Now the Government has handed the responsibility of how agriculture will manage and reduce its emissions back to the industry itself, we have been landed an incredible opportunity to turn our emissions profile into the positive story it deserves to be.
The message we need to start sending is that agriculture has one of the smallest global warming impacts of any major industry in New Zealand. The only way to demonstrate that is by completing a full emissions budget.
The routine criticism that farmers receive is largely a result of our industries own failure to tell the whole story. Agriculture has taken a defensive approach for too long. Simply saying we are efficient compared to other global producers is selling ourselves short. Agriculture in general is nowhere near as harmful to the climate as is often described and NZ, with our large swaths of native bush probably contributes less to global warming than any other international producer. We only have ourselves to blame for the situation we now find ourselves in.
Thankfully the solution is at hand, a new more accurate accounting method called GWP* has been developed for the specific purpose of measuring the warming effect of flow methane over time.
First some inconvenient truths, emissions do not necessarily result in global warming. As we now know from multiple government reports our methane emissions only need to be reduced by a minuscule 0.3% per year to avoid further warming. This is because once stock numbers have stabilised for around 10 years, methane decays in the atmosphere at around the same rate as it is being emitted.
The outdated GWP100 metric, which our ETS is based on, assigns methane a warming value of 28 x CO2. This is how much warming a single pulse of methane will cause over the next 100 years. Farms, however, emit a steady flow of methane over time so it is the inflow versus outflow we must measure if we want to understand our impact on warming.
According to Ministry for the Environment data, farmers have reduced their methane by 2.8% since 2014 putting them well on track to achieve the 10% by 2050 needed to remain climate neutral. While industry leaders dithered, the Government has gone ahead and set a methane reduction target of 24-47% by 2050. Agriculture is the only sector being asked to reduce emissions below the point of zero warming and this is a direct result of our failure to properly articulate how methane effects climate.
It is an absurd situation that agricultural methane accounts for 35% of our country’s entire emissions, yet it is not contributing to warming. The current accounting system is misleading and not fit for purpose.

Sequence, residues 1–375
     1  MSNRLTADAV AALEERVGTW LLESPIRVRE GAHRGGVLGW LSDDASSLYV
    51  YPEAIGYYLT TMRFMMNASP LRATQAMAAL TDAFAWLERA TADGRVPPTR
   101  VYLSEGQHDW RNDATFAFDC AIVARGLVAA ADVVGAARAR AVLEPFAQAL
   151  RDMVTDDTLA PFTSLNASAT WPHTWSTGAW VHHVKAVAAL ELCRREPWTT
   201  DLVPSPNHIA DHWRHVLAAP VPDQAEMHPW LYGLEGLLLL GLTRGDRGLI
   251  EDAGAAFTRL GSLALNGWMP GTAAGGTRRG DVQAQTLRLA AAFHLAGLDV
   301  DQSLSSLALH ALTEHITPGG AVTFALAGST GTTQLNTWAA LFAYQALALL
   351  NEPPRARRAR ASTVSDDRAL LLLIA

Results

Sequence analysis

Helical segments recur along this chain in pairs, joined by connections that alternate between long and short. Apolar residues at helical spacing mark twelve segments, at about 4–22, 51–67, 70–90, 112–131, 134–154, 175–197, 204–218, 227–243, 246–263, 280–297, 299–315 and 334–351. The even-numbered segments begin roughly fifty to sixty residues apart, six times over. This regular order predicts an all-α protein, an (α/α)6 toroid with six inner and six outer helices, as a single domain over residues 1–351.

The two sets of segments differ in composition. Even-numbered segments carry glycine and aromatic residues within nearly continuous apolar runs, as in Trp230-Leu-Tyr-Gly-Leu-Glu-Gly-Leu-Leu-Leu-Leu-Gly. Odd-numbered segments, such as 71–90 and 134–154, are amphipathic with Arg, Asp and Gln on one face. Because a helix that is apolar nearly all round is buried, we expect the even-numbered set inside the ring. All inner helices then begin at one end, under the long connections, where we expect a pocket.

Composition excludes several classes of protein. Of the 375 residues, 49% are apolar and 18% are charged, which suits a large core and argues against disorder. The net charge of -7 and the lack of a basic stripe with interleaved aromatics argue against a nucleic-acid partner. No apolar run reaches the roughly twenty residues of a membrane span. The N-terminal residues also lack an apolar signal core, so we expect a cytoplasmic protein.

Thankfully the solution is at hand, a new more accurate accounting method called GWP* has been developed for the specific purpose of measuring the warming effect of flow methane over time. Inexplicably this option has so far been ignored, the folly of which is even more surprising given the entire objective of the Paris Agreement is to limit global warming to no more than 1.5C above pre-industrial temperatures. How are farmers to measure success against this stated goal if we are not measuring the methane’s warming effect?
The other major oversight has been not collecting more data on farm trees. Beef + Lamb have made good headway on this, estimating 1.4 million hectares of trees already growing on drystock properties. More needs to be done in this space to both accurately assess area under trees and estimate their annual carbon sequestration rates.
With sufficient tree data and using GWP* to account for methane, it is possible to create a net warming budget for the entire industry. This budget will go a long way to silencing any criticism of agriculture’s contribution to global warming and will set the platform for producing and marketing climate neutral products, something that will be increasingly important to environmentally conscious consumers.
Until more robust tree data is collected it is impossible to estimate with confidence if agriculture is a net contributor to global warming or not. With methane not a contributing factor, it is only the 8.5 Mt CO2 equivalent of Nitrous Oxide that must be offset to avoid adding to warming. Initial calculations indicate that the existing area in trees will be enough to achieve this.
We as an industry must move the conversation away from just emissions and address the real issue which is warming impact. If farming leaders take the initiative and use the correct accounting, we can future proof the industry against a Government tax and a forced reduction in stock numbers. Both will be inevitable unless the arbitrary 24-47% emissions reduction target is revised.
There will also be no need for the Government’s proposed 95% rebate. This rebate will only serve to lock in the misconception that farmers are being subsidised and encourage further criticism.
Some form of agricultural emissions scheme will need to be developed to ensure progress and fairness. This may see farms that increase emissions pay some tax while farms that are net sequesters receive a credit. What shape this scheme eventually takes should remain a matter for the industry and farmers themselves.
In the short term, simply setting a well-publicised and achievable target of making agriculture warming neutral by 2025 will be enough to completely change the narrative on agricultural emissions. Even the Greens will struggle to demonise an industry striving to become climate neutral 25 years before the rest of the country.
We only have one chance to get this right. Industry leaders must represent the interests of farmers and set the record straight. Let’s show the world we are true leaders when it comes to climate change.
- Farmers who would like to see a fresh approach on agricultural emissions are encouraged to contact email@example.com